From a long-term perspective, the landscape for the embattled U.S. dollar appears bleak. The end of 2006 saw a short stretch of mildly optimistic economic data that provided the dollar with a decent bounce, but the move was short lived, and the overwhelmingly negative factors currently weighing against the dollar appear almost insurmountable for 2007 and beyond.
While there are multiple bearish factors facing the U.S. dollar, we can take some solace in a few comparative bright spots in the U.S. economic situation. These moderately optimistic dynamics may help to counter-balance negative forces and could possibly lend some support to the currency.
But before we even look at potential positives, let’s lay out the considerable bad news for the dollar.
To begin with, quarter-to-quarter annualized U.S. GDP growth experienced a marked decline in 2006, beginning at 5.6% in the first quarter, to 2.6% in the second and 2.0% in the third. For the last quarter of 2006, initial government data indicated a rather optimistic 3.5% growth rate. As it turned out, though, revised forth quarter figures revealed a considerably lower 2.2%, which was an unusually sizeable revision. You could argue that 2006 was characterized by declining and weaker-than-expected growth in the U.S. economy. And the Federal Open Market Committee’s (FOMC) forecast for real GDP growth in 2007 was cut to 2.5% from 3% to 3.25%.
By itself, this significant decline in GDP growth throughout last year might not have an earth-shattering impact on the dollar’s prospects. But currencies do not exist in vacuums, as value always is measured in relation to other currencies and economies. In this instance, the decline in the U.S. GDP growth rate takes on additional significance when the downtrend is set in stark contrast to other major global markets, most notably the Euro zone (see “Euro on the move,” below).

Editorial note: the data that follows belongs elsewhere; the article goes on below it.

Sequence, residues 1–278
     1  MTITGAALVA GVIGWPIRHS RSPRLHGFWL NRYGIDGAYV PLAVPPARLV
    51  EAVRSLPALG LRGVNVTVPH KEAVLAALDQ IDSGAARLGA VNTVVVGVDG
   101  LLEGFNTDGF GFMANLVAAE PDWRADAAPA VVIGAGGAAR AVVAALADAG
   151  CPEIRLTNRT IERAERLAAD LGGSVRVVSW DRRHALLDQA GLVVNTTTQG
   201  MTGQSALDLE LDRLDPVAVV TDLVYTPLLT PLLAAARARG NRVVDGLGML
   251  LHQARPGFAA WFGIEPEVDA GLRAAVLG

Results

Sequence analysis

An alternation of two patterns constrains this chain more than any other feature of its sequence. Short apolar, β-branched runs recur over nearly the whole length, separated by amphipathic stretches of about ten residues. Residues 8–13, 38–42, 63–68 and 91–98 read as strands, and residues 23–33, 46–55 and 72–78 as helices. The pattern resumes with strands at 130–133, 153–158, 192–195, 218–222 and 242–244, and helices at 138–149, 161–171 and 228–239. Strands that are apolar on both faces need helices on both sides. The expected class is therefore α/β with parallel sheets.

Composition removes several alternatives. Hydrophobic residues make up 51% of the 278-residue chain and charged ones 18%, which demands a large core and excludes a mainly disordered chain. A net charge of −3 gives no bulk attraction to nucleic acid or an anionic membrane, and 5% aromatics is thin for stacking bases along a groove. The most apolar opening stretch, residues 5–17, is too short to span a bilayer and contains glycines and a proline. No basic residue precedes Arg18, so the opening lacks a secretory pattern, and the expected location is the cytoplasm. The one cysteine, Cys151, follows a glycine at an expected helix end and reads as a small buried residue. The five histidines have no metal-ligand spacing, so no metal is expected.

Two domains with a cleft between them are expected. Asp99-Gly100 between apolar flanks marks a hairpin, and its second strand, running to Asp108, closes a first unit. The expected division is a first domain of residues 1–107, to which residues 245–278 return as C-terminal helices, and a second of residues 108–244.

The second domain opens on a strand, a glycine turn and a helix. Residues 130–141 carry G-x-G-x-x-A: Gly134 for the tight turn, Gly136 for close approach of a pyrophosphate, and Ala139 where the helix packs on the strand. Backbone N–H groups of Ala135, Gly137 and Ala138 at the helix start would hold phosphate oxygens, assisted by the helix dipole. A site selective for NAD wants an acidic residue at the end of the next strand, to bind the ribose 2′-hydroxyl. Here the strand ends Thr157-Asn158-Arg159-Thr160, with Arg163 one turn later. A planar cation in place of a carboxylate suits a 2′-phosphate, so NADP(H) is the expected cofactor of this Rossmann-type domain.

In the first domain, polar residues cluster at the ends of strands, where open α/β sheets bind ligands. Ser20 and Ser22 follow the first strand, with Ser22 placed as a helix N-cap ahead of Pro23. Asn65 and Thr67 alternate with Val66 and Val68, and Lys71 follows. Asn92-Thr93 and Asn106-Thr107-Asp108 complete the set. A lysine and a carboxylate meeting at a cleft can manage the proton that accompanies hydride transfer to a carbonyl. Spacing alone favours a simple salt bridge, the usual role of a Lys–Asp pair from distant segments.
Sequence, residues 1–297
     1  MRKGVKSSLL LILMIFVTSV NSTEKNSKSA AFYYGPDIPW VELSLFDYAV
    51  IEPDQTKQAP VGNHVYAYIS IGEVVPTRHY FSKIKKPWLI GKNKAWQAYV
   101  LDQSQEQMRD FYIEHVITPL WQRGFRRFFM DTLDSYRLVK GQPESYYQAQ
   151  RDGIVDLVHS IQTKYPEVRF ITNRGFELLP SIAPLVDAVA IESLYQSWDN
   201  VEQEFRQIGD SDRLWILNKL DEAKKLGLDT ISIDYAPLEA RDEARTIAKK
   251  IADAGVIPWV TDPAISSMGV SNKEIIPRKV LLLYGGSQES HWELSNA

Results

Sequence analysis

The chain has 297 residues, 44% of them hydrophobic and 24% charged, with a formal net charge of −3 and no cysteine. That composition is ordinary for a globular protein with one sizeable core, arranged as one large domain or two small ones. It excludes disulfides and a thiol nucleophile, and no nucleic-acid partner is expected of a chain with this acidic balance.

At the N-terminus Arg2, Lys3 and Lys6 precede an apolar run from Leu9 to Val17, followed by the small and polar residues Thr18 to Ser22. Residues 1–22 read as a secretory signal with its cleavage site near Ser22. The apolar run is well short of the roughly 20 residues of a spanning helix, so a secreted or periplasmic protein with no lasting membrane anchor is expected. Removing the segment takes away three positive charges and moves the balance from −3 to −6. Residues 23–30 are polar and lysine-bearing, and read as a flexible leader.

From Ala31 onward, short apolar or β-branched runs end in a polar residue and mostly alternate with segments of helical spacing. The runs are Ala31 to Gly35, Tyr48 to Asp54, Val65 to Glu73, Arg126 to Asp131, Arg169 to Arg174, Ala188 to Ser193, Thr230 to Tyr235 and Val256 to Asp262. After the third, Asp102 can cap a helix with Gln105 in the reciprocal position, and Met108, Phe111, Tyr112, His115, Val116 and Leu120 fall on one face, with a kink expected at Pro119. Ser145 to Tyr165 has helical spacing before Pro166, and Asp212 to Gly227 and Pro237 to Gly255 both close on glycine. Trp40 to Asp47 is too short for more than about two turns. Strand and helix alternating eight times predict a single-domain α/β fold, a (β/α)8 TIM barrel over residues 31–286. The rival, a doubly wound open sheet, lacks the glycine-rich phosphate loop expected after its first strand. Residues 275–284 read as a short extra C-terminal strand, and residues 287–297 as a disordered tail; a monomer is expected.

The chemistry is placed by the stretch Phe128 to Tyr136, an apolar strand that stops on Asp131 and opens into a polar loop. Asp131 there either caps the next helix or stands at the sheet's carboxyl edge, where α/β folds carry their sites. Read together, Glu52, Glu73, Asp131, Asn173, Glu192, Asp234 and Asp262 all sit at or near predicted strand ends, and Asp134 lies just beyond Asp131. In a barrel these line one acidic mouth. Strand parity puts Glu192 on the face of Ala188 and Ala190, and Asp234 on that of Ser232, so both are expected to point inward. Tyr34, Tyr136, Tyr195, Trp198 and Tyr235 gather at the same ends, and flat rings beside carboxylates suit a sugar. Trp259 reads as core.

Economic growth for the Euro zone began in 2006 at 2.2%, but reached 2.7% by the end of the year. This represented the highest annual growth rate in six years, nearly doubling the 1.4% growth rate of 2005. It also represented the first time in four years that quarterly Euro zone growth surpassed U.S. growth. Granted, 2.7% is not the least bit impressive by U.S. standards. But the divergent direction of relative growth in the two economies, not the absolute statistical data, is the real key that can potentially have a significant negative impact on the dollar (see “Bad trend,” below).
CENTRAL BANK POLICY
Intertwined with economic growth, central bank policy also will play a major role in the dollar outlook for 2007. With Federal Reserve Chairman Ben Bernanke at the helm, the Fed paused its rate tightening campaign on Aug. 8, 2006, after 17 consecutive rate hikes beginning in June 2004. The strong expectation is that the Fed will refrain from changing rates at least until mid-2007. The near-future likelihood is that rates will be held steady, but there also exists a distinct possibility of easing by at least one-quarter point within the year.
Whereas we have experienced a relatively prolonged pause in the Fed’s tightening campaign, the perception is that the European Central Bank (ECB), and arguably the Bank of Japan (BOJ), are still well entrenched in their tightening cycles. The expectation is that the ECB will raise rates at least two more times this year, with the oft-quoted 4.0% as the goal.
As for the BOJ, it raised rates in July 2006 by one-quarter point after about six years under a zero interest rate policy, and raised rates again in February, bringing the benchmark to 0.50%. The indication from the BOJ was that any further tightening would be gradual.